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The Old Guard and the New Media

January 8th, 2008

There has been a lot written lately – as there always is at the beginning of a new year – about change.  That’s especially true in the PR world in 2008.  Ogilvy announced today that it’s laying off 50-100 people in its New York office “primarily because the nature of the business is changing.” BullDog Reporter  had this last week: Untangling New Media: Now Could Be PR’s Greatest Era of Opportunity in 100 Years; PRWeek had this: Editors’ Choice 2008: The Change Agent; and Entrepreneur chimed in with this: Redefining Public Relations in 2008.

With all this change – with the blogs and podcasts and direct-to-the-public video news releases – what are traditional, black and white print, “Get me a story!” newsroom reporters thinking?

A new survey of U.S. journalists gives us some insight.  Jerry Johnson – head of strategic planning at Brodeur  (the communications firm that conducted the survey) – said at the CES show in Las Vegas this week: “While only a small percentage of journalists feel that blogs are helpful in generating sources or exclusives, they do see blogs as particularly useful in helping them better understand the context of a story, a new story angle, or a new story idea. It appears that reporters are using blogs more for ethnographic research than they are for investigative research.”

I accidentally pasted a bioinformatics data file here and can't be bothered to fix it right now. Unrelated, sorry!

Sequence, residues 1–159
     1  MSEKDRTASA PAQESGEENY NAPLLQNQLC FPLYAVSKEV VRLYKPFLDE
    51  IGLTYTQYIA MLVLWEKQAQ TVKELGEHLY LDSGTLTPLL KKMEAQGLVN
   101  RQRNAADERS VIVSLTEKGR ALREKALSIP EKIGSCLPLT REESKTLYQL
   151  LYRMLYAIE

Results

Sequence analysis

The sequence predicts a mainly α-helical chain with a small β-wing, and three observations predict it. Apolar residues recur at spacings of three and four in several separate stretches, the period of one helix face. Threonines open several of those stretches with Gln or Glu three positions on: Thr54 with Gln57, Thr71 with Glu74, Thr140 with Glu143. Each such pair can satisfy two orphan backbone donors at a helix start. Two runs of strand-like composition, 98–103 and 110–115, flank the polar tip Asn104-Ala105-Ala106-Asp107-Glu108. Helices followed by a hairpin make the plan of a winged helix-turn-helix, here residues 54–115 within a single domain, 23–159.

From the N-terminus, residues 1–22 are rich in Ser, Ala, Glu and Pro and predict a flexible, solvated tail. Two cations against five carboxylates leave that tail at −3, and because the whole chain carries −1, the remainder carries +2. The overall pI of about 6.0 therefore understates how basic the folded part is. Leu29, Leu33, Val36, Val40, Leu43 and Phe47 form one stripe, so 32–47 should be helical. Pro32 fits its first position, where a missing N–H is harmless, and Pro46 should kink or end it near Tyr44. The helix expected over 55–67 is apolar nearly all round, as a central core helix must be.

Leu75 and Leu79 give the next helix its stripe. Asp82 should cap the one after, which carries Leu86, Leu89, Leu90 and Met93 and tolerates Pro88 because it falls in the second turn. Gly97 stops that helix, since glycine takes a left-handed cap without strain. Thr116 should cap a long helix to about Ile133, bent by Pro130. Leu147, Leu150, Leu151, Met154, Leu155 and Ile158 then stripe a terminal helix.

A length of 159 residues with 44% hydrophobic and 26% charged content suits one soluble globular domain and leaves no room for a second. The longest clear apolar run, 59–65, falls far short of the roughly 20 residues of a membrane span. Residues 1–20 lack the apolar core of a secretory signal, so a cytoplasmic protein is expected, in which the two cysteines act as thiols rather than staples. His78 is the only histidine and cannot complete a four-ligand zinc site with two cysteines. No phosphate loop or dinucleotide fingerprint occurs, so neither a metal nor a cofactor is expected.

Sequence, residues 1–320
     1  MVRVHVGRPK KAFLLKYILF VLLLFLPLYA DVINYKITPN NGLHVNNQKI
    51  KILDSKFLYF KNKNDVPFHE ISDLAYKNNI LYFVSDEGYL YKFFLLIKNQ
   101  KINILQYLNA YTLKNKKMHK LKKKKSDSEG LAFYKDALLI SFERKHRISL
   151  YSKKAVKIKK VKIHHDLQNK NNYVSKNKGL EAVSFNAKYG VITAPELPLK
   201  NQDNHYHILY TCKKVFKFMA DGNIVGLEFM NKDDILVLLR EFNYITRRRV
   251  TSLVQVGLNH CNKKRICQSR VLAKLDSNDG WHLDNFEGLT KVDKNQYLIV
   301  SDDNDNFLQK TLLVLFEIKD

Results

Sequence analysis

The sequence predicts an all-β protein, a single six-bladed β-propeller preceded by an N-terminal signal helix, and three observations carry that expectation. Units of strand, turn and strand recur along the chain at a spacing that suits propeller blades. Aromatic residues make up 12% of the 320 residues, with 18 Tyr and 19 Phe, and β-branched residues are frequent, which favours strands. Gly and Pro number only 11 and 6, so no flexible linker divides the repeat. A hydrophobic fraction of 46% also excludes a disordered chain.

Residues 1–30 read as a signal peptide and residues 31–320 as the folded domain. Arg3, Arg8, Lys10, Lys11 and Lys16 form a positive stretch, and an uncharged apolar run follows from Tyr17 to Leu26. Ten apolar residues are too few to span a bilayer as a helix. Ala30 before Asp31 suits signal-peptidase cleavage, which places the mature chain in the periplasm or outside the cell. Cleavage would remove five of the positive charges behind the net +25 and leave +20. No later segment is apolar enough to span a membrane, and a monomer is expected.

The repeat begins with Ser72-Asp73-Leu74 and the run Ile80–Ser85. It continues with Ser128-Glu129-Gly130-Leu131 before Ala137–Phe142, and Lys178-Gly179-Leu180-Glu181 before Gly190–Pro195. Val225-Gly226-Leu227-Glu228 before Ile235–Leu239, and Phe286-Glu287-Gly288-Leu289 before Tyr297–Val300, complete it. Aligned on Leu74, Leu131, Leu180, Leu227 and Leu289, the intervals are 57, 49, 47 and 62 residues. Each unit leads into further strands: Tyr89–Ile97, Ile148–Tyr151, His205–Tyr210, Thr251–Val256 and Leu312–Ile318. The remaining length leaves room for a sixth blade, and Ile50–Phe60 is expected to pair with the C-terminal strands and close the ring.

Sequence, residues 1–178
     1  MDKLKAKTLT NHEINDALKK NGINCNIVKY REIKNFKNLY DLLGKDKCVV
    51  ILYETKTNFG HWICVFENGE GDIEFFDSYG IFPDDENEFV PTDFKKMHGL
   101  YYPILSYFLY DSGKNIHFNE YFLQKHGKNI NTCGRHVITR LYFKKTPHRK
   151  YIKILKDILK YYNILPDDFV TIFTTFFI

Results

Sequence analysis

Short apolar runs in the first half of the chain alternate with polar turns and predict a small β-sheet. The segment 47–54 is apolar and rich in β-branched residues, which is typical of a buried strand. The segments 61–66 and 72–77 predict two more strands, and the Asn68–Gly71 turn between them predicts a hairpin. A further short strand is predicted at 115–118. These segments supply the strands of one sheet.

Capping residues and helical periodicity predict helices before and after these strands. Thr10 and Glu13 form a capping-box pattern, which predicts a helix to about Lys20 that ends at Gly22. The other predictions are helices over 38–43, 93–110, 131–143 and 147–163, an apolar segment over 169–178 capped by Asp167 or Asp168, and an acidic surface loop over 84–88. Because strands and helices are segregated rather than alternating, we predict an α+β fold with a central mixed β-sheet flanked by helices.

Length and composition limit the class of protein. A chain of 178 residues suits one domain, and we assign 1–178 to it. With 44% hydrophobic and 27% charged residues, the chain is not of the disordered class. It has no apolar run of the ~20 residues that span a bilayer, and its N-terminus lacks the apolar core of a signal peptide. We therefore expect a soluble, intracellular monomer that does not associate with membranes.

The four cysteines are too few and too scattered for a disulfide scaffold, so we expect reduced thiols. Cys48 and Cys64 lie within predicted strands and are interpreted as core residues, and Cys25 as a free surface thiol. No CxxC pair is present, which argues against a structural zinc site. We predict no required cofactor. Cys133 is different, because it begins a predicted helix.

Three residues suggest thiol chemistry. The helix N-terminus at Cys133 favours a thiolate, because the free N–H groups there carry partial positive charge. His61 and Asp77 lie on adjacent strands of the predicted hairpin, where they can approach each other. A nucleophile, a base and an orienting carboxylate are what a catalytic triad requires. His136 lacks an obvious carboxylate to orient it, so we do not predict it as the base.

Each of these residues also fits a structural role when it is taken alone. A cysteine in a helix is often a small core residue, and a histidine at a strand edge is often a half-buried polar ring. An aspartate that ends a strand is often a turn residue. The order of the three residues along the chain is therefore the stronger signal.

The survey also uncovered several additional attitudes and behaviors (from the Brodeur press release):
-Blogs are a regular source for journalists. Over three quarters of reporters see blogs as helpful in giving them story ideas, story angles and insight into the tone of an issue.

-Nearly 70 percent of all reporters check a blog list on a regular basis. Over one in five (20.9%) reporters said they spend over an hour per day reading blogs. And a total of nearly three in five (57.1%) reporters said they read blogs at least two to three times a week.

-Journalists are increasingly active participants in the blogosphere. One in four reporters (27.7%) have their own blogs and nearly one in five (16.3%) have their own social networking page. About half of reporters (47.5%) say they are “lurkers” – reading blogs but rarely commenting.

-The majority of journalists thought blogs were having a significant impact on news reporting in all areas tested EXCEPT in the area of news quality. The biggest impact has been in speed and availability of news. Over half said that blogs were having a significant impact on the “tone” (61.8%) and “editorial direction” (51.1%) of news reporting.

The bottom line? Reporters are people just like the rest of us.  They read blogs, they write blogs and yes, they even find blogs helpful.

So while those of us in the PR industry continue to adapt to this world of new media, we can be confident that reporters (whose attention and consideration keep us in business) are doing the same.

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